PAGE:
Public Debt and the Birth of the Democratic State: France and Great Britain, 1688-1789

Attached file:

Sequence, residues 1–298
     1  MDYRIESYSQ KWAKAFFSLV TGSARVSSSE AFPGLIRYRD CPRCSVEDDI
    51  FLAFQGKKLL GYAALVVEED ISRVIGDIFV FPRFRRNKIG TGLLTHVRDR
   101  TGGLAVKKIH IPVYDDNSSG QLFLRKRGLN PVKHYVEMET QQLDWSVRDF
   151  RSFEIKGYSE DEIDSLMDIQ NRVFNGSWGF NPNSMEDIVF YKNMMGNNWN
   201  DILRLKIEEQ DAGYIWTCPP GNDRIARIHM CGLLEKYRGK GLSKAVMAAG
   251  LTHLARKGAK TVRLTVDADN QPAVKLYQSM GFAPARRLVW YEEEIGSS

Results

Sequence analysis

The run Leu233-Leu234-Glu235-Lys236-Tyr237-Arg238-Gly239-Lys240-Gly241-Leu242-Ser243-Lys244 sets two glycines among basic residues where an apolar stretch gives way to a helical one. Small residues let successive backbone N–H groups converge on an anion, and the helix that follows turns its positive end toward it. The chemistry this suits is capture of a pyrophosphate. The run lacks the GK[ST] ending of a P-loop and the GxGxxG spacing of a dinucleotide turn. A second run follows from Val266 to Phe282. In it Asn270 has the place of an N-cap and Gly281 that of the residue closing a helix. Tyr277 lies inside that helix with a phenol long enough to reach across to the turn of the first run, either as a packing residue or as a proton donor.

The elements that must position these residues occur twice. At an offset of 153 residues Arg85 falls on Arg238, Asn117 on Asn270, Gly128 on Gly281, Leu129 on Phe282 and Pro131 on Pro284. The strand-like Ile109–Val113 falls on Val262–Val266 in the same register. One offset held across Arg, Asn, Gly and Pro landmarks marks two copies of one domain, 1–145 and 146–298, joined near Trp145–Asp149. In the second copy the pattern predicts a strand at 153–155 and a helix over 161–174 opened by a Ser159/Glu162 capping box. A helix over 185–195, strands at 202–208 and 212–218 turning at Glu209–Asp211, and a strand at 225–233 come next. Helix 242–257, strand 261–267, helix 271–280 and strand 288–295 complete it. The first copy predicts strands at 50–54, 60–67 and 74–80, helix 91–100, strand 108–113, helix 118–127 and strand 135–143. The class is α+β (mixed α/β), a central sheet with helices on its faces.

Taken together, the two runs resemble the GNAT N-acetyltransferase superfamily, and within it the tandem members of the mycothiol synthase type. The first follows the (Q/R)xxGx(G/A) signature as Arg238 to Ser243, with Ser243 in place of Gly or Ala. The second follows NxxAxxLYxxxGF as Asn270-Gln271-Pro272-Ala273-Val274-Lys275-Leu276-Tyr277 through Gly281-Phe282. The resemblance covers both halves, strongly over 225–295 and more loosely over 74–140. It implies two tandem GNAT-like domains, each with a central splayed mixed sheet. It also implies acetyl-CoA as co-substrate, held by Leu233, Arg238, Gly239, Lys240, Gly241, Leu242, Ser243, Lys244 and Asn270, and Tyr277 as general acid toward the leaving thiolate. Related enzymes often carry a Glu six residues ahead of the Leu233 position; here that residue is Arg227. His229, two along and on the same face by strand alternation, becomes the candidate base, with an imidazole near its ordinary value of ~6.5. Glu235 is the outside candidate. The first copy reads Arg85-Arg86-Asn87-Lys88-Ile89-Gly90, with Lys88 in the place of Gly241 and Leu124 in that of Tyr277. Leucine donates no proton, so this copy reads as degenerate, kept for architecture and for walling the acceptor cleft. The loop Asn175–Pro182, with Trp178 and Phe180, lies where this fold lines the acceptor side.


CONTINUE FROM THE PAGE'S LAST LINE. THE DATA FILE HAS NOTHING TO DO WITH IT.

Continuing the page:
Imagine you're a medieval king trying to main stability. Things might be going fine and dandy in your kingdom right now, but who knows when war, plagues, or a bad weather that destroys harvests might break out? Your most important concern is structuring your kingdom so it can withstand future shocks. And so you go about storing a % of harvest in granaries, training troops, and saving wealth for when shit hits the fan. But saving wealth is easier said than done. Trade imbalances (in the form of outflow of precious metals) or accumulating large reserves of metal coins will lead to a shortage of precious metals for the society at large. As the commodity value of your coins rise higher than their nominal value, more and more people choose to hoard coins which only serves to increase the problem. The resulting currency shortage hampers development of urbanization and market economy, thus reducing income from manufacturing and trade sectors, as well as increasing tax inefficiency as you're now more likely to collect taxes in kind rather than in cash. This, combined with high military expenditures required to maintain a strong army, will make you wrack your head about how to secure more wealth. One option is to increase taxes, but you know that both peasants and nobles alike are willing to take arms if they feel the tax burden is too high. Another option is simply minting more coins but since the supply of precious metals is limited, the only way to realistically mint more coins is to resort to currency debasement. But debasement is only a temporary solution as it inevitably leads to inflation and the reduction of future income if you have any source of income fixed at specific values. And most importantly, none of your citizens, especially the soldiers, are going to like that the real-value of their wages have been slashed. As you can see, running a stable kingdom is a lot harder than a game of Civilization or Europa Universalis might lead you to think.